The UT upheld this decision. First, the taxpayer did not qualify for the financial services exemption because the loan accounts it administered were not current or deposit accounts. For an account to be a current or deposit account, the customer must be able to deposit and withdraw funds in varying amounts. Since the accounts administered by the taxpayer did not allow for withdrawals, the supply did not fall within the exemption. Second, although the overall transactions were transfers concerning payments, transfers or debts, the taxpayer’s role in those transactions was limited. The taxpayer merely passed on information to enable the transfer, it did not effect the transfer. 

The UT received an unofficial translation of the CJEU decision in the Cardpoint case before the decision was published. It was satisfied that its decision was consistent with the CJEU’s decision in that case. This is one of many decisions regarding the availability of the exemption in such circumstances. It is very difficult to see that any party other than a bank itself can benefit.

Target Group Limited v HMRC [2019] UKUT 0340 (TCC): www.bailii.org/uk/cases/UKUT/TCC/2019/340.html

Case C-42/18 Finanzamt Trier v Cardpoint GmbH:  https://eur-lex.europa.eu/legal-content/EN/TXT/?uri=CELEX:62018CC0042

5. And finally

5.1 Rabbiting on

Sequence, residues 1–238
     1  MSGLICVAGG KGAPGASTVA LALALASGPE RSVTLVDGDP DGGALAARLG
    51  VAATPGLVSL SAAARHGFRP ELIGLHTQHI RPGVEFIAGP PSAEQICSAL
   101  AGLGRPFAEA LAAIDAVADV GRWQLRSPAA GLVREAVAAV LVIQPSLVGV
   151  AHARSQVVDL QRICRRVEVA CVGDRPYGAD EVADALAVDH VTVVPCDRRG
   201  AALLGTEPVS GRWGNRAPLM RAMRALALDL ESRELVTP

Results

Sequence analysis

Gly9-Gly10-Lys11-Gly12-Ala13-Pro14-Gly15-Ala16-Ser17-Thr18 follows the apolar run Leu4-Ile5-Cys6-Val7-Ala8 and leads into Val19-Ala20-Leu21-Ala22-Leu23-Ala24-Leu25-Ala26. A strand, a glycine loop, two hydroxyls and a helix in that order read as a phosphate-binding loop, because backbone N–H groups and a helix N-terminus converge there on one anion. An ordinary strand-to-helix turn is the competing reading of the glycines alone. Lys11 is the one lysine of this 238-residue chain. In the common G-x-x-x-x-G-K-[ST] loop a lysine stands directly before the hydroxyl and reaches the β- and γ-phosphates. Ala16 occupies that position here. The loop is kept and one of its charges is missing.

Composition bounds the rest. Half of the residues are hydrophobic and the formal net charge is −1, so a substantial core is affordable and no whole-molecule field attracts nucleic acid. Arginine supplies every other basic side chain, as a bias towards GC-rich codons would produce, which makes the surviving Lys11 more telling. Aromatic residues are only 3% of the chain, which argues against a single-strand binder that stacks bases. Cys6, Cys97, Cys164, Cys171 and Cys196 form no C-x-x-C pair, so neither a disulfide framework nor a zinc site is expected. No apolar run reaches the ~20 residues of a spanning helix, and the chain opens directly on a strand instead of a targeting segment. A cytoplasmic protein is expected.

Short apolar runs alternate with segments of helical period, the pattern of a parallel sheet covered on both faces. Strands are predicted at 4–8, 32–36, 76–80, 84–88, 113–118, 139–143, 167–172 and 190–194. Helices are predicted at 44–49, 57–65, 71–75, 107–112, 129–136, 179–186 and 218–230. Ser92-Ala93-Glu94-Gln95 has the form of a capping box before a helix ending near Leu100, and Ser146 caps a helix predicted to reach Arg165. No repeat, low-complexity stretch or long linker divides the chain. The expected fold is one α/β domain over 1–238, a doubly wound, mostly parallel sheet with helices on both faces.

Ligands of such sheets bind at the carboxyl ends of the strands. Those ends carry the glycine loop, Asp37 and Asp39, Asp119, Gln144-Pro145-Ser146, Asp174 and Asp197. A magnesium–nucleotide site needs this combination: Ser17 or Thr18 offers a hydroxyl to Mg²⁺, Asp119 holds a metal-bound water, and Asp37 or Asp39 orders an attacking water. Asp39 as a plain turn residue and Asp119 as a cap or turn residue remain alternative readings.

It’s not often we take a little bit of an issue with the CIOT but we need to pick up last week’s Press Release on good political policy making.  What? Are we objecting to apple pie?  Well, we could, we think, make a case that wanting tax law that was Clear Certain Equitable Just Accessible Joined-up Inclusive is all very well, right up to the moment you try to do it thoroughly in a tax context. No; we’ll live with that.  And what is the position if being clear certain and simple, means you cannot be equitable?  No; we’ll live with that too.  

It’s just the rabbits.  Politicians should avoid ‘rabbit out of the hat’ tax policies. Why?  We’re not talking nasty bombshells; we are talking nice fluffy white rabbits.  Who hasn’t enjoyed Budget rabbits?  And which Chancellor is really going to give up the opportunity for so much prestidigitatory cleverness and fun?  No one minds unexpected pleasant surprises, even when, in tax terms, they turn out a bit hasty or daft: like the rabbits they are.  We love them.  Rabbit on.

www.tax.org.uk/media-centre/press-releases/press-release-don%E2%80%99t-forget-principles-good-policymaking-election

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Glossary

Organisations   Courts Taxes etc  
ATT – Association of Tax Technicians ICAEW - The Institute of Chartered Accountants in England and Wales CA – Court of Appeal ATED – Annual Tax on Enveloped Dwellings NIC – National Insurance Contribution
CIOT – Chartered Institute of Taxation ICAS - The Institute of Chartered Accountants of Scotland CJEU - Court of Justice of the European Union CGT – Capital Gains Tax PAYE – Pay As You Earn
EU – European Union OECD - Organisation for Economic Co-operation and Development FTT – First-tier Tribunal CT – Corporation Tax R&D – Research & Development
EC – European Commission OTS – Office of Tax Simplification HC – High Court IHT – Inheritance Tax SDLT – Stamp Duty Land Tax
HMRC – HM Revenue & Customs RS – Revenue Scotland SC – Supreme Court IT – Income Tax VAT – Value Added Tax
HMT – HM Treasury   UT – Upper Tribunal